Expanding on The Chronicles of Riddick and Pitch Black films, The Chronicles of Riddick: Assault on Dark Athena from Atari and Starbreeze Studios for the Sony PlayStation 3, Microsoft Xbox 360, and PC continues the story of Riddick after his escape from Butcher Bay (as seen in the previous Riddick game, aptly titled Escape from Butcher Bay). When Riddick is brought aboard the mercenary ship called Dark Athena, he will have to escape from his captors and dispense a little dark justice, if you know what I mean. If none of this makes sense, then don't worry: Assault includes the original 2004 Butcher Bay game dressed up with current generation elements and an added sequence to bridge the plot of the two games. Two complete games on a single disc makes for an incredible deal in these uncertain economic times, but is the game worth your time as well as money? Will you take a shine to Riddick's first-person stealth exploits?
Both games on the Riddick disc follow the same basic format: our hero must navigate dangerous tight spaces and dark corners in order to incapacitate or otherwise kill those that are trying to kill him. While gunplay is certainly part of the action, Riddick tends to rely on knives and other sharp stabbing weapons to eliminate his enemies (Butcher Bay teases players with guns especially, as finding a gun is relatively easy, but they're all initially locked to prison guard DNA, meaning that if Riddick tries to pick one up, he gets a nasty zap of electricity in return). This means that the best way to kill an enemy is to sneak up behind them in the dark and deliver a quick slash or stab. Running head-on into the light with your knife blazing, as it were, is a fantastic way to become very dead very fast. Sometimes it's better to just sneak by enemies rather than engage them, a maneuver made somewhat easier thanks to Riddick's ability to become invisible in the darkness. Expect to equip your patience as well as your knife when creeping through both the Butcher Bay prison and the Dark Athena spaceship.
I'm generally not much of a first-person stealth/shooter gamer, but I know high production values when I see them, and Riddick is one of the most cinematic games I've encountered this year. Vin Diesel returns to provide his voice and appearance to the main character, and although Riddick's dialog sounds as if the developers woke Diesel up and dragged him from his bed to come record his lines, that's the Riddick character for you. Each game begins with a brief tutorial level that acts as a film-like teaser before the opening title credits appear over a cutscene that sets the stage for each game's respective first act. There's some additional star power on display besides Vin Diesel, however. During the course of Riddick's adventures you'll hear from Lance Henrikson, Michelle Forbes, Wade Williams, and Morgan Sheppard among others.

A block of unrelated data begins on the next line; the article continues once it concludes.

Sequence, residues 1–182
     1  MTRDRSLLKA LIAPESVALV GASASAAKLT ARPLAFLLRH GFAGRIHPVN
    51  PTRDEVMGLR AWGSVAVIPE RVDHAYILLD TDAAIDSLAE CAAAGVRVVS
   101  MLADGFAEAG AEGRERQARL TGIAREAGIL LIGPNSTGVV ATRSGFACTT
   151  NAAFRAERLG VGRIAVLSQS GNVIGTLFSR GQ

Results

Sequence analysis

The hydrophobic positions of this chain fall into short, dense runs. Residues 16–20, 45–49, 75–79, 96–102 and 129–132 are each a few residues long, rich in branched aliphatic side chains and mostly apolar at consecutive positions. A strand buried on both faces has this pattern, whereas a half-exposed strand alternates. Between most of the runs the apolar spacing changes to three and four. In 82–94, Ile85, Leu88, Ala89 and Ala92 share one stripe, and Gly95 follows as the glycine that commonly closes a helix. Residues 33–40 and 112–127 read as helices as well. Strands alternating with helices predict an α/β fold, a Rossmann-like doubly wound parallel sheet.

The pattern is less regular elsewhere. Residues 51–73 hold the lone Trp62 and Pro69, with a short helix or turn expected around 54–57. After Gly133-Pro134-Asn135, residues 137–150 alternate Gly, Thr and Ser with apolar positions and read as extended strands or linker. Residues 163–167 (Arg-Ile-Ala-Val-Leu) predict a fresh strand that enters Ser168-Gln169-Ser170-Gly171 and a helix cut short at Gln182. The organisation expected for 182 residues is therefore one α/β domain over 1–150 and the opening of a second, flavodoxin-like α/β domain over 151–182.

The one glaring issue I have with both Butcher Bay and Dark Athena is that I found them to be downright sadistically difficult at times. Now, I admit that I'm not the best first-person player, but something is not right when I am repeatedly gunned down during the tutorial level on the Normal mode of difficulty. It wasn't until I switched over to the Easy mode that I was able to proceed into the actual game itself, and even then I can't say that I was able to blaze right through the objectives. I found Riddick to be a difficult game, often more frustrating than fun, but I freely admit that if my FPS skills were sharper, I believe I would have enjoyed myself more rather than eagerly moving on to something else after my thirtieth attempt to destroy a certain Butcher Bay boss ended with yet another instant massacre.
This latest installment in the world of Riddick is rated M-for-Mature for a very good reason. Aside from the brutal violence, the profanity is off the charts here. I don't mind the occasional heavy language when it fits the situation, but when I hear "I'm gonna skull-fuck you!" as enemy filler dialog for the umpteenth time, it becomes unnecessarily gratuitous. I should also note that there is online multiplayer available, although whenever I tried to connect for a game, I was kicked off of the PlayStation Network. I have been having issues with connecting to PSN lately in other games as well for some reason, so I'm not prepared to blame Riddickfor this problem. Either way, I wasn't able to play the multiplayer while preparing this mini-review.
So, in the end, I have mixed feelings about The Chronicles of Riddick: Assault on Dark Athena. It's a high quality game with admirable production values and plenty to see and do, but its frustratingly difficult gameplay held me back from really enjoying it. The best games make me believe that my failings are my own, whereas Riddick left me angry over what I felt to be cheap shots and unbeatable odds. It's just not a game for me, but if you enjoy first-person stealth action games with brutal challenges, then it may be the game for you. Either way, kudos to the development team for continuing the story established in the two Riddick films and maintaining a cinematic scope when creating a quick movie-based cash-in game would have been much easier.